Darknet vendors who rely on the marketplaces to sell drugs and other goods have begun adding alternative contact methods besides email to their vendor profiles. This is likely due to the cloud that hangs over every centralized marketplace: the risk of a market exit scam.
The alternative communication options normally include an encrypted chat app available on a cell phone, one such as Wickr.
While this might be more convenient than the rather cumbersome PGP encryption standard through email or pushing a PGP messages through the marketplace’s internal messaging system, there may be new risks in this form of contact: the necessity to “trust” more devices and software, and ultimately placing more trust in the vendor themselves.
What These Apps Actually Do
End-to-end chat programs essentially assign a phone number or an account with a “PGP style” public and private key.
These keys are used to seamlessly pass messages back and forth without having to manually encrypt each of the messages yourself.
This might be seen as minor convenience, and anyone making any purchases on a marketplace should take a step back to consider the implications of their actions.
The information they’re sending is basically passing through a honey pot server for law enforcement.
Every darknet marketplace should be considered a major honey pot for law enforcement. Last year, Dutch law enforcement officers obtained physical access to Hansa Market’s servers—they then ran the marketplace for a short window before officially shutting it down, attempting to collect valuable evidence on high-value suspects.
The reality is that these apps themselves are quite good. They are generally open-source and employ high standards of encryption. A risk may enter into it in the form of the device the application is on. Android phones are notoriously unsecure. And a malicious attacker might be able to gain control over the whole handset, including the messaging application.
The Age-Old Trade-Off
Security vs convenience. It’s the never-ending battle, each side with merits, each side with issues. And it’s impossible to have both perfectly.
That’s where risk assessment and threat modelling enter the picture. If you’re a vendor of a dark web marketplace, you are at a significantly higher risk than one of your customers.
You likely have much higher standards for security, because you would hold more goods in your possession.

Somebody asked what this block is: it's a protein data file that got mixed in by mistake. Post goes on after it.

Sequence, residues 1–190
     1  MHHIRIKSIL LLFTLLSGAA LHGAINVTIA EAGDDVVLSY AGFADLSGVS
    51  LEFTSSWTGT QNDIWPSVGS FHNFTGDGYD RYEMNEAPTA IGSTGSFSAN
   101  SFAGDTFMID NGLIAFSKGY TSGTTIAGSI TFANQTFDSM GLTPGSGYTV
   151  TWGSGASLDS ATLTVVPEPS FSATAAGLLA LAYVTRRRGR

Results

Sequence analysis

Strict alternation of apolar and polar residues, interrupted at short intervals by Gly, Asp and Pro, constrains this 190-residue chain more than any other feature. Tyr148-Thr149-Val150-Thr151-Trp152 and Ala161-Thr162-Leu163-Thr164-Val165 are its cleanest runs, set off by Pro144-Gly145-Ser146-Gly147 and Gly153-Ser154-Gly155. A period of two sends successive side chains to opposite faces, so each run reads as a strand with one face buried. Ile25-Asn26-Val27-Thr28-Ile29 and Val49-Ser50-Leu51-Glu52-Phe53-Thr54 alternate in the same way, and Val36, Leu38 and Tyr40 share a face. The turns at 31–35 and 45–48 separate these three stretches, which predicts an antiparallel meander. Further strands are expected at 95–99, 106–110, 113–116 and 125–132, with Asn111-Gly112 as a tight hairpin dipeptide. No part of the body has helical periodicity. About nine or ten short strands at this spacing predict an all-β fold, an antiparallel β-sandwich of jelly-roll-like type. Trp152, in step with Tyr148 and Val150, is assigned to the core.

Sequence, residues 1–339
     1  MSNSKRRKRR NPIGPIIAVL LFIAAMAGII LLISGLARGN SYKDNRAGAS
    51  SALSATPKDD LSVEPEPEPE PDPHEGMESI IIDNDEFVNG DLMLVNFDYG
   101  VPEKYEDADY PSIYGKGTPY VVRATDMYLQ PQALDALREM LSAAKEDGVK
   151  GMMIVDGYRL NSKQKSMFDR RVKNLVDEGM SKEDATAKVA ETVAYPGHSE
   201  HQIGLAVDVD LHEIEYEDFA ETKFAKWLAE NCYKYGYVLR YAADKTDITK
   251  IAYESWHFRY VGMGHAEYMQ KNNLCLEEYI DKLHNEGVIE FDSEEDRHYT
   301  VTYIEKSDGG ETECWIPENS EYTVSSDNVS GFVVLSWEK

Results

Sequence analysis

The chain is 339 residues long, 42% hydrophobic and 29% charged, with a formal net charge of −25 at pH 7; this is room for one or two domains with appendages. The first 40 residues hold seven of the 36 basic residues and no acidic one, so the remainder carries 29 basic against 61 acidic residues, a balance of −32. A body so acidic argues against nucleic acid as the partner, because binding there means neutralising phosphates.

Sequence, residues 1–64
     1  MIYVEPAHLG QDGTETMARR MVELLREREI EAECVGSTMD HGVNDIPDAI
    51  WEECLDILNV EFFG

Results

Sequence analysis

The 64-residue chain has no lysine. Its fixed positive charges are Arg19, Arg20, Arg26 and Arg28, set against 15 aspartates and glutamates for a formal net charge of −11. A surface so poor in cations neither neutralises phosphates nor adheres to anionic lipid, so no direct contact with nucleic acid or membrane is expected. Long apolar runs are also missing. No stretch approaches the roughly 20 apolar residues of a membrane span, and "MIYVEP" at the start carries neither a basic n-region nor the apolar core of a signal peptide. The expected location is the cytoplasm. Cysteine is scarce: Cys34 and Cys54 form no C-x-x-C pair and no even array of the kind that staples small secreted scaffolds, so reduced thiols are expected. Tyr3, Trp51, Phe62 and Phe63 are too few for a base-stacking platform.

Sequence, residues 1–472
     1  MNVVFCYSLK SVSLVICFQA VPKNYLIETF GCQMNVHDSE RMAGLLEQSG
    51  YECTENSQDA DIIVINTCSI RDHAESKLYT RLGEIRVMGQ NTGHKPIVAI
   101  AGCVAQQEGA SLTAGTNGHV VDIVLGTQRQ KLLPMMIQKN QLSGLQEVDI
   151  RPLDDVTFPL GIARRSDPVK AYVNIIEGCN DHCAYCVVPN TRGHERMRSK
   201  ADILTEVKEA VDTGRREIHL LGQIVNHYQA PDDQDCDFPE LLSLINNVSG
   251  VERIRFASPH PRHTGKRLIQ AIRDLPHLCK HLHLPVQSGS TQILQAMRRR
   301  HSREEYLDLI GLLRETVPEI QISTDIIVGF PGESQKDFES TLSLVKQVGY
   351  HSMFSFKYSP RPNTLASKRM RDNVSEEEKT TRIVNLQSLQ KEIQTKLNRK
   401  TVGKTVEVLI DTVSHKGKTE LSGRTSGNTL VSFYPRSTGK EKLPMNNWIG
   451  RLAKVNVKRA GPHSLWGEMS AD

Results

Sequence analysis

Yet, by adding an alternative contact method, it can be a way of protecting yourself further.
So long as the app like Wickr is on a separate burner cell phone (which, if you’re a vendor, it probably is) then it can actually be seen as a safer method of contact. This is because it’s data being sent through a second “service,” away from the uncertified onion site that is the darknet market.
Now take it from the buyer’s perspective. As a purchaser, you’ll likely want to keep everything within the confines of the marketplace, to keep things simple.
You probably have less operational security than a vendor, since you’re at significantly lower risk (unless you’re purchasing significant items or quantities).
What’s the Big Deal? Does It Matter?
It’s difficult to say. These apps are now on vendor profiles because of the bigger problems that the dark web marketplaces, and the users, have as yet failed to address.
Multisig wallets should be the absolute norm for all marketplace purchases, but they simply aren’t. There shouldn’t be an alternative, because there isn’t a better alternative yet.
Why isn’t this the standard and required form of payment? Perhaps because the marketplaces want the option to “exit scam” if the heat gets too close and they need to close up shop.
Operating a darknet market can get you into a ton of trouble, with a ton of unsavory people. Think back to last year, when the Canadian co-founder of AlphaBay was found dead in a Thai prison. You’d be a piece of a supply chain that contains a decent bit of illicit goods and services: dangers are incredibly real.
With a multisig wallet created for the sole purpose of the transaction, a backup communication channel should be utilized. It’s all about fail-safes and backups. It’s about preparing for “the end,” for the dreaded yet insanely common “exit scam.”
Enter the third-party communication app. Having this will certainly allow you to contact the vendor, should something happen. But this communication is outside of the scope of the marketplace.
Forget a moderator getting involved if something goes wrong. You need to place a huge amount of trust in a vendor if you have an issue and need to get a refund or need the product resent.
But, arguably, you need to place this trust in the vendor regardless, in every purchase.
Is This Trend a Good Thing?
The additional means of communication between buyer and vendor is an overall positive step. It provides a fail-safe, albeit one that relies on significant trust between all parties.
Regardless, this is like a Band-Aid stuck on a gunshot. It simply isn’t enough to raise the standards of operation on the darknet markets.
It’s something we’ve seen over and over again, but it rings true—the markets desperately need full adoption of multisig support for every single transaction.
All users once had no idea how PGP worked. Then they had no idea how Whonix or Tails worked.
And now another hurdle, seemingly, for the significant userbase, is for the full use of multisig support. The additional channel for communication, overall, is positive, regardless of the device concerns.
The problem is that it is the rabbit being pulled out of a hat, while the “left” hand continues to watch what is in a darknet market escrow.
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